Judging by the stables around the perimeter, our destination started life as a working farm. Now it was clearly a private residence, with electric fences spanning the spaces between buildings and barbed wire strung as far as the eye could see. Factor in the helipad and it didn’t take any great leap of logic to conclude that this place confirmed the rumors about the government setting up hidey-holes out in the abandoned boonies. Nice digs, if you can get them. I smiled as I continued looking around. Our first day, and we already had a scoop: Government Use of Abandoned Land in Northern California Confirmed. Read all about it.

Buffy picked up her bags and walked over to me, looking flustered. “I don’t think I’ve ever been poked that many times,” she complained.

“At least now you know you’re clean,” I said. “Cameras rolling?”

“There was a minor EMP band at the entrance that took two and five off-line, but I anticipated for that and built in redundancies. One, three, and four, and six through eight, are all transmitting live and have been since pickup.”

I looked at her flatly. “I didn’t understand a word of that, so I’m just going to assume you said ‘yes’ and move on with my life, all right?”

“Works for me,” she said, waving at Shaun as he joined us. “You’re done?”

“They know Shaun can’t be a zombie,” I said, adjusting my sunglasses. “You need a brain to reanimate.”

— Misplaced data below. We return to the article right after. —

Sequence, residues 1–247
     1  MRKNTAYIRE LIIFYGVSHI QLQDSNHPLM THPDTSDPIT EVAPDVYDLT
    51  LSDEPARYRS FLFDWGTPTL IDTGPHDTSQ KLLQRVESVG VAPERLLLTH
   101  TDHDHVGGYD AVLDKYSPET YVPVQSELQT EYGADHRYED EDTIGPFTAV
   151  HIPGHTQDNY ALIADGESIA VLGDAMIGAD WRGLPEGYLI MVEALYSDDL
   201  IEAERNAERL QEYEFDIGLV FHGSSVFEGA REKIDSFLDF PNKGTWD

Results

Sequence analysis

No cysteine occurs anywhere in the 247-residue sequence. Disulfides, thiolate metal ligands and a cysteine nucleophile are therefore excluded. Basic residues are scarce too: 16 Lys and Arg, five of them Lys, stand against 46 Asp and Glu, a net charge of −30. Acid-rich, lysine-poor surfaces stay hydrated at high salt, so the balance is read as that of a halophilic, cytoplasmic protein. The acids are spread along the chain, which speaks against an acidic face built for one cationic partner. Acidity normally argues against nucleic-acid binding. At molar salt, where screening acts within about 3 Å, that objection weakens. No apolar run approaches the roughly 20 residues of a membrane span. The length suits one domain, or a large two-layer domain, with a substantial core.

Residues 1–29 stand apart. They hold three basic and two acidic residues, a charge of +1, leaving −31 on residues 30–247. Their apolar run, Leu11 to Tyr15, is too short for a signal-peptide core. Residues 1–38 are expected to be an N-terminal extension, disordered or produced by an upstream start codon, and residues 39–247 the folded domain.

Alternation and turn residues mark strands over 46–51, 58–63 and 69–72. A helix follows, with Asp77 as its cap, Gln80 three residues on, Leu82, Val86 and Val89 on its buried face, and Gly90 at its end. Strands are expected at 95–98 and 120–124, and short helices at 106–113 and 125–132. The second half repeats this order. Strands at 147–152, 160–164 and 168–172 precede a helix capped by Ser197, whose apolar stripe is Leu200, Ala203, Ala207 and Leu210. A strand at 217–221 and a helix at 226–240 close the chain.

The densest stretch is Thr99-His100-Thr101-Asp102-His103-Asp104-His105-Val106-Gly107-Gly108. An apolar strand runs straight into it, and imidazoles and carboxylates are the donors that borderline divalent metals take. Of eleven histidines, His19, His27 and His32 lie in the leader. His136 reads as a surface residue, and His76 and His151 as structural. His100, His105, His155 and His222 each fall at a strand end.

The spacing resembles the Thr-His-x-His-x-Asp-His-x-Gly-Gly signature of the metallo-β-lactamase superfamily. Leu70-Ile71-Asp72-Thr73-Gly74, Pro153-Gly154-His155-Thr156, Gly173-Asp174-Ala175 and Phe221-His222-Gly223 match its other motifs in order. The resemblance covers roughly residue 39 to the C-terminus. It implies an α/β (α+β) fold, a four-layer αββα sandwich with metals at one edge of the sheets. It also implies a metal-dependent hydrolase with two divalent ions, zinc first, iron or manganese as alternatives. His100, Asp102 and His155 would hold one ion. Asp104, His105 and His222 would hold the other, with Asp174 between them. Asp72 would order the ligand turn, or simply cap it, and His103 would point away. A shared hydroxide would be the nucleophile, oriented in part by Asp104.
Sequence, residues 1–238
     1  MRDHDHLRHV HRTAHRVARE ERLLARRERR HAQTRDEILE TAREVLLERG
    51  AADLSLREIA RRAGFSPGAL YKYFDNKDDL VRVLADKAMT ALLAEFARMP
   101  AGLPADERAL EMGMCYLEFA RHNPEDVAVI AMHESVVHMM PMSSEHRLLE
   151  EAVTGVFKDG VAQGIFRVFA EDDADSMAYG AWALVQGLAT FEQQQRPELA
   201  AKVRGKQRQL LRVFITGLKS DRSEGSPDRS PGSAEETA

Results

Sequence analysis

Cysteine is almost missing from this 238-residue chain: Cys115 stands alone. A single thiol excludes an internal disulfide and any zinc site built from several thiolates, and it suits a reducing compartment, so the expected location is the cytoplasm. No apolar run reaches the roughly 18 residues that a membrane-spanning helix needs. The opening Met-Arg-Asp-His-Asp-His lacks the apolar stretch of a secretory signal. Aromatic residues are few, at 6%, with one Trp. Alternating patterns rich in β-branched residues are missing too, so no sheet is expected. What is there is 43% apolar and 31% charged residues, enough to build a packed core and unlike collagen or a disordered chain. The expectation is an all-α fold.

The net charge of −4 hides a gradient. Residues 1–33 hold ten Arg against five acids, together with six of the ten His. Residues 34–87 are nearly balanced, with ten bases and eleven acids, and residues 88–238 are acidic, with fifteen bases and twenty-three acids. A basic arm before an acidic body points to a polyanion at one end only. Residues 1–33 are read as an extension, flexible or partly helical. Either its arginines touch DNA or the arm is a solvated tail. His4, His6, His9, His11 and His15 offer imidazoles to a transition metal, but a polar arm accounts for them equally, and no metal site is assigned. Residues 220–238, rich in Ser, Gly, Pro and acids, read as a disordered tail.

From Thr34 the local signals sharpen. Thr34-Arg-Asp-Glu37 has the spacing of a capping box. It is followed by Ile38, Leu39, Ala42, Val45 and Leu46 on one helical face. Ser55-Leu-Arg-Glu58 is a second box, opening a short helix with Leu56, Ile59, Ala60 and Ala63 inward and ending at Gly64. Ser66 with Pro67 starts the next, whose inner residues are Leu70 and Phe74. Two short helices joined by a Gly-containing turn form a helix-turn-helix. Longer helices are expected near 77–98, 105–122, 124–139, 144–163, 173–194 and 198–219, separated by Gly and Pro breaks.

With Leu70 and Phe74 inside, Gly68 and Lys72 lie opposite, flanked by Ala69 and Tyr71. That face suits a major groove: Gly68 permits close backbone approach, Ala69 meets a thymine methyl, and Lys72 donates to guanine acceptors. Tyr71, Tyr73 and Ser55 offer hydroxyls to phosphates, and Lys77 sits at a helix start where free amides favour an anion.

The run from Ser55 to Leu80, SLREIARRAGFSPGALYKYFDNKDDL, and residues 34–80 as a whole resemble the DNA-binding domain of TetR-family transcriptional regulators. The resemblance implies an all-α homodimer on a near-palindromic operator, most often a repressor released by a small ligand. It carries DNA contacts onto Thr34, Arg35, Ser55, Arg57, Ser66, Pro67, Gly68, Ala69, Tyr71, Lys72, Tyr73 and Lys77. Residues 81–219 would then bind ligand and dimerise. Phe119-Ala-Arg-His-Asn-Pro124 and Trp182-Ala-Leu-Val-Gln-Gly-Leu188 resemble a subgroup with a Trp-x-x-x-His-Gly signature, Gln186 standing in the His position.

He elbowed me amiably and shook his head. “Dude, I’m amazed they didn’t strip search us. They should’ve bought us dinner first, or something.”

“Will lunch do?” asked a jocular voice. All three of us turned, finding ourselves facing a tall, generically handsome man whose carefully cropped brown hair was starting to gray but had been left just long enough in the front to fall across his forehead and create the illusion of boyishness. His skin was tan but relatively unlined, and his eyes were very blue. He was casually dressed in tan slacks and a white shirt, with the sleeves rolled up around his elbows.

“Senator Ryman,” I said, and offered him my hand. “I’m Georgia Mason. These are my associates, Shaun Mason—”

“Hey,” interjected Shaun.

“—and Georgette Meissonier.”

“You can call me Buffy,” said Buffy.

“Of course,” the senator said, taking my hand and shaking it. He had a good grip, solid without being overwhelming, and the teeth he revealed when he smiled were straight and white. “It’s a pleasure to meet all three of you. I’ve been watching your precampaign preparations with interest.” He released my hand.

“We had a lot to accomplish and not much time to accomplish it in,” I said.

“A lot to accomplish” verged on understatement. We had seven baby bloggers contact us before we finished eating dinner, all wanting to know if we were planning to schism. Once people knew the size of the story we’d landed, there was no way striking out on our own would have been a surprise, so we didn’t try to make it one. The folks at Bridge Supporters were sorry to see us go and pleased by our severance offer: We took exclusive rights to all campaign-trail stories to our new site, but we allowed them to keep running two of Buffy’s ongoing poetry series, gave them first rights on any continuations to Shaun’s series on exploring the ruins of Yreka, and guaranteed two op-ed pieces from me per month for the next year. They’d get click-through reads from the folks following us on campaign, and we’d get the same in return as existing Bridge Support readers found their way to our new site through the shared material. My friend Mahir had been looking to move on to new challenges, and he was glad to sign on to help me moderate the Newsies. Shaun and Buffy had their own hiring to do, and I left it to them.